Recruitment is a concern for the design industry in a post-Brexit world: rather like the Premier League football clubs that wow audiences around the globe, many of the UK’s world-class agencies have recruited from a Europe-wide talent pool to build a winning team.
With immigration one of the top bones of contention in the EU referendum campaign, the question of freedom of movement is critical – not just for the risk of discouraging new recruits from crossing the Channel, but potentially for driving existing staff back to their countries of origin.
Here, we explore how Brexit has impacted recruitment and retention of staff so far, and how you can prepare for different eventualities.
Free movement under debate
According to EU law expert Michael Dougan, the Government simply can’t have its cake and eat it: “As the European Council has repeatedly affirmed, no relationship – no matter how close – can offer the same benefits as EU membership,“ he insists.
Retaining access to that all-important Single Market for trade without agreeing to free movement – not to mention conforming with the EU’s various regulatory standards – Dougan considers impossible.
“The EU will insist on a level playing field in areas such as competition and state aid,” he adds. “It will safeguard against unfair competitive advantages regarding tax, social and environmental dumping, for instance. And the UK will pay for such privileges, just like everyone else has to.”
These are, says Dougan, basic and inescapable facts: “And yet, the UK Government continues to make fantastical demands in one breath, while laying down ‘red lines’ about immigration and judicial supervision in the next,” he adds, “apparently oblivious to the price that must be paid.”
Clearly, while negotiations are in progress we are in no position to guarantee whether free movement will continue for your staff – but we can provide some advice for staying on top of your game, whatever happens...
Try to boost staff morale
On the morning of 24 June 2016, EU citizens living and working in the UK had an extra wave of insecurity about their personal situations, and in design studios up and down the country, the fear was palpable.
“They were anxious and concerned for their futures in the UK, unsurprisingly,” recalls Rose Design’s Simon Elliott.
Likewise, the atmosphere at Taxi Studio was “a tangible sense of disappointment”, adds Adam Ray.
But for SomeOne's Simon Manchipp, it’s about maintaining a positive attitude and confidence in the face of that uncertainty: “Most have laughed it off,” he shrugs. “They know their talents outshine their passport. They could work anywhere on the planet.”
Focus on talent, not location
The ‘brain drain’ effect has started in places: Rose has lost staff since the vote. “This time last year, nearly 50 per cent of our team were originally from EU countries,” reveals Elliott. “Several have left us, not entirely on account of the vote, but it was a contributing factor.”
Not only is existing EU talent departing the UK, but in some cases they are applying in smaller volume for jobs in the first place: a phenomenon that Sue Strange has seen over the past year at Music.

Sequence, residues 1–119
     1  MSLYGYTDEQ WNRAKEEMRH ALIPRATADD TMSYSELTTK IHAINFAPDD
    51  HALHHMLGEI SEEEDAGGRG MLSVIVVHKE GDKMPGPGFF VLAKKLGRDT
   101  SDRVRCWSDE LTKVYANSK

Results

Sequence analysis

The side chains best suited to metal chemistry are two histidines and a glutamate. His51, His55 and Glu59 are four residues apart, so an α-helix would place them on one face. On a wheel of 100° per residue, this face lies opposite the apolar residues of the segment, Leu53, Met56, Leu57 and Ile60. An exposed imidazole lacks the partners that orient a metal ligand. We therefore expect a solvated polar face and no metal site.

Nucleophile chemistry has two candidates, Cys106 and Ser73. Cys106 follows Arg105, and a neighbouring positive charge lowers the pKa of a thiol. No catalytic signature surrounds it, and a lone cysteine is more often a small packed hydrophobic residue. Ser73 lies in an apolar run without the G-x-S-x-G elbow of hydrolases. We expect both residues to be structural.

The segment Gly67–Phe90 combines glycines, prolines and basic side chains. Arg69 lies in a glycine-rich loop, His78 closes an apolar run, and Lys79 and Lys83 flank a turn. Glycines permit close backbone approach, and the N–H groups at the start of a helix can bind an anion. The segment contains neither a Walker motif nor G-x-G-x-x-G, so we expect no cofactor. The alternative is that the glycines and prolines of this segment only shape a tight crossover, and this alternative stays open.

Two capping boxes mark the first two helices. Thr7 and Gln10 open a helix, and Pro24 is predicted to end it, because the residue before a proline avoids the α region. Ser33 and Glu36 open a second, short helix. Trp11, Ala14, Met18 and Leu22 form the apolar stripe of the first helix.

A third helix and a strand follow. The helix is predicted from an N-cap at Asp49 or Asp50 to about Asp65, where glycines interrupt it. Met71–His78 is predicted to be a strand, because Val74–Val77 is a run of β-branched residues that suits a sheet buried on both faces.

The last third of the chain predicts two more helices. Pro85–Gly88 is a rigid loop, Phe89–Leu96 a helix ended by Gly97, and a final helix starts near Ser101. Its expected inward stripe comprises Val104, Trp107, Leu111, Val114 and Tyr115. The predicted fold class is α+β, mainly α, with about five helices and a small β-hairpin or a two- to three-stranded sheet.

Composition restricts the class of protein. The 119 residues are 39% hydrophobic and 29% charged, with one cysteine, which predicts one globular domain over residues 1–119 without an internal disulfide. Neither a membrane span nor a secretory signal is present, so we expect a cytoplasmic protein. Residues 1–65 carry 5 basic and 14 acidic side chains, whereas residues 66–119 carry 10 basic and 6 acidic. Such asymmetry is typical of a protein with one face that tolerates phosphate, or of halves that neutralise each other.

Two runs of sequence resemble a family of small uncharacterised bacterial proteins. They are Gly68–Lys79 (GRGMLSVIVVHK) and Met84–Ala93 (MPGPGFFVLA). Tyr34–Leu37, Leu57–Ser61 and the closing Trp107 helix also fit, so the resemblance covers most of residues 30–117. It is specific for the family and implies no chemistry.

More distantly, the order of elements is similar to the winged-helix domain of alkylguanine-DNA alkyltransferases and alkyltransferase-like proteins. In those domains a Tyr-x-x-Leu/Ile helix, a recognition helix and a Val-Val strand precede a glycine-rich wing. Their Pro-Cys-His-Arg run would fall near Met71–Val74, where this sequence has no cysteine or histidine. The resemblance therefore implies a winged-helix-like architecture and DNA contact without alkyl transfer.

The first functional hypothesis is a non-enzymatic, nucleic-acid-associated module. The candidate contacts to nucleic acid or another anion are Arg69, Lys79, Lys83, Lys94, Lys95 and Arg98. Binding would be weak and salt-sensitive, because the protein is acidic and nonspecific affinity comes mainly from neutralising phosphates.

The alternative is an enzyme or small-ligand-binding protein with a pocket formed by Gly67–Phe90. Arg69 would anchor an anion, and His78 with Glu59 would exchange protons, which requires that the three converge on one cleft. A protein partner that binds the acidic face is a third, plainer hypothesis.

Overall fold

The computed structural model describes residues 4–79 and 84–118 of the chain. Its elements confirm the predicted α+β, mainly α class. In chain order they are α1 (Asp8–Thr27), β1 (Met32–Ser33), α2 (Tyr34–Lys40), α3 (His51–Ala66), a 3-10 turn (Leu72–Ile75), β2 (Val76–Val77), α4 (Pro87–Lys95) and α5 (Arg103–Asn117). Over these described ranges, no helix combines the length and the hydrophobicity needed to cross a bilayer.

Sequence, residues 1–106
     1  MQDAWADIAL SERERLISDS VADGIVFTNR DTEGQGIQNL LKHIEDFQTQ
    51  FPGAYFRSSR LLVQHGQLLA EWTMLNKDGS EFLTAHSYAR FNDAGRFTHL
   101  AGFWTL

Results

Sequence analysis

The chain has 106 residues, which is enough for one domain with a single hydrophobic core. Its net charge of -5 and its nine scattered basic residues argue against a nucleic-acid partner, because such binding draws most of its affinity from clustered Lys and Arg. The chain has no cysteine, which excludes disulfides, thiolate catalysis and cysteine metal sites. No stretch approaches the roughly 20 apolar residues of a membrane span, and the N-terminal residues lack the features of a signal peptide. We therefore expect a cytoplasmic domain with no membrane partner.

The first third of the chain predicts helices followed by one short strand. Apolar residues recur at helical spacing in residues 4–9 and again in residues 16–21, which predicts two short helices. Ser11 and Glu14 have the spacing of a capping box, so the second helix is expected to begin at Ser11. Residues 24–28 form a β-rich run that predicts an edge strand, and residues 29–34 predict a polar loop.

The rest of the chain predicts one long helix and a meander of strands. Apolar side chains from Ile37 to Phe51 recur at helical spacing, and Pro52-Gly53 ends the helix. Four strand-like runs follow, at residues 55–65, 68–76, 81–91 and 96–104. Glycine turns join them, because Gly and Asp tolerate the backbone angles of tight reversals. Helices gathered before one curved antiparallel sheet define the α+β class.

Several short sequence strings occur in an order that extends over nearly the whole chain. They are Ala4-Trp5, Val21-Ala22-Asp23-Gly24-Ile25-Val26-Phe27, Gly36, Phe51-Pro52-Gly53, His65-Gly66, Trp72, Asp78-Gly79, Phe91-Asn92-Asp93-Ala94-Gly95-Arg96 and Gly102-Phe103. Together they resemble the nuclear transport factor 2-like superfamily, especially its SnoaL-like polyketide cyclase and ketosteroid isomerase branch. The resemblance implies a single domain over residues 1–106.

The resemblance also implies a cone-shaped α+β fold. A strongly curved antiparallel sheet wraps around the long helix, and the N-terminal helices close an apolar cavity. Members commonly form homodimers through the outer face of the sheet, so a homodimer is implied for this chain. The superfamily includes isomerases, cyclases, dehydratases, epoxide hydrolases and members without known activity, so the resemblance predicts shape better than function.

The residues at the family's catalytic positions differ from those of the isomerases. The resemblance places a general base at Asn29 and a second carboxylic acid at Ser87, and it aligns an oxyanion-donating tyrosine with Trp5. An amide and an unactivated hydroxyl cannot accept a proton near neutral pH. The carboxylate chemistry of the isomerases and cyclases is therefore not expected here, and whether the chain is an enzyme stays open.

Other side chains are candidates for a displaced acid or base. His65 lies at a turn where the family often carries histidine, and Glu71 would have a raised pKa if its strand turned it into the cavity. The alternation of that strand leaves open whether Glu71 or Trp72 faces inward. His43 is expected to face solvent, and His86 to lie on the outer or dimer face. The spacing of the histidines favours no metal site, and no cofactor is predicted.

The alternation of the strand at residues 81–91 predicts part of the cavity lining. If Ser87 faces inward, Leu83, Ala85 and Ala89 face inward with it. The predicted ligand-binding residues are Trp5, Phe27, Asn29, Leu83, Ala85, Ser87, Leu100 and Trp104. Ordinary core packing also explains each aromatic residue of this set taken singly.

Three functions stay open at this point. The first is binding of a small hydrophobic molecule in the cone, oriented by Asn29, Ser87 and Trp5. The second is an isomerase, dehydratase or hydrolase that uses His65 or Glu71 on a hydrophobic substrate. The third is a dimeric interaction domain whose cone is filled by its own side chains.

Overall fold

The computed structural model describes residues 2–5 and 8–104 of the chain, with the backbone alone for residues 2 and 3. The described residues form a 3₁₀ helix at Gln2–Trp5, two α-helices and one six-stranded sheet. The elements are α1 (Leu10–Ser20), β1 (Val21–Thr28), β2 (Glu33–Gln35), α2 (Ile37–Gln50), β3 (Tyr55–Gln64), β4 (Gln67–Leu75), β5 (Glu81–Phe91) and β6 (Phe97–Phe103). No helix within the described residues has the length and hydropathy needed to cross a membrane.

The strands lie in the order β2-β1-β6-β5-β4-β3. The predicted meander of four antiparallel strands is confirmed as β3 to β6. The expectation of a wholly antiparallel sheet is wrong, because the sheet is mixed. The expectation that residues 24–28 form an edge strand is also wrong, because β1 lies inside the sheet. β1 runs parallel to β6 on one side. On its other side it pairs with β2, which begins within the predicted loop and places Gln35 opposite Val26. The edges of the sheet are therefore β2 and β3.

Interestingly, Johnson Banks has observed the polar opposite effect: “We’ve had a huge influx of applications from Europe,” reveals creative director Michael Johnson. “Applying before the wall goes up, perhaps?”
A diverse talent pool to draw from can only be a good thing, but Ray points out that country of origin is only one factor. “We’d never make a concerted effort to recruit from a certain geography. Portfolio and personality are far more important,” he adds.
Cast the net even wider
Of course, if talent comes first then it follows that agencies should look globally, visas permitting. “We have a wide mix of people, from Malta to Malaysia,” declares Manchipp. “Diversity is important to have in any creative business, as it contributes to a richer outcome.”
Like SomeOne, Johnson Banks works with clients around the world, and its recruitment policies are likewise very open-minded. “We’re still mostly British, but have taken freelance and permanent staff from further afield: the USA, Singapore, Sri Lanka, New Zealand,” reveals Johnson.
With less than 10 staff at any one time, Johnson Banks is tiny compared to a global branding behemoth like Landor, for which the global nature of its network is reflected in the staff.
“It’s a healthy mix from all over the place, which reflects our mix of clients,” confirms Peter Knapp.
Don’t neglect the grass roots
Recruitment of fully-fledged designers from overseas is one thing, but if Brexit has a sway on international student numbers, it could also have a knock-on effect further down the line.
Strange has already observed a sharp decline in international students, and Johnson considers the potential impact of Brexit on education to be “significant”.
But Mark Bonner and Simon Manchipp contend that students will continue to be drawn to the top design colleges.
“The quality of education in the UK is a beacon, and will still be highly prized on a global stage,” argues Manchipp. “The mix of students may alter, but I've been seeing a steady rise in students from Korea, China and India prior to any mention of Brexit anyway.”
“If the UK’s reputation is maintained, students will still want to be educated in one of the world’s strongest creative cultures,” adds GBH's Bonner, “regardless of our political and economic affiliation with the EU.”
He cautions, however, that the current government’s lack of recognition of creative industries as key economic drivers – and an accompanying lack of investment in the arts – is in many ways a much bigger long-term concern than Brexit on this front.
Next page: What Brexit means for winning and retaining clients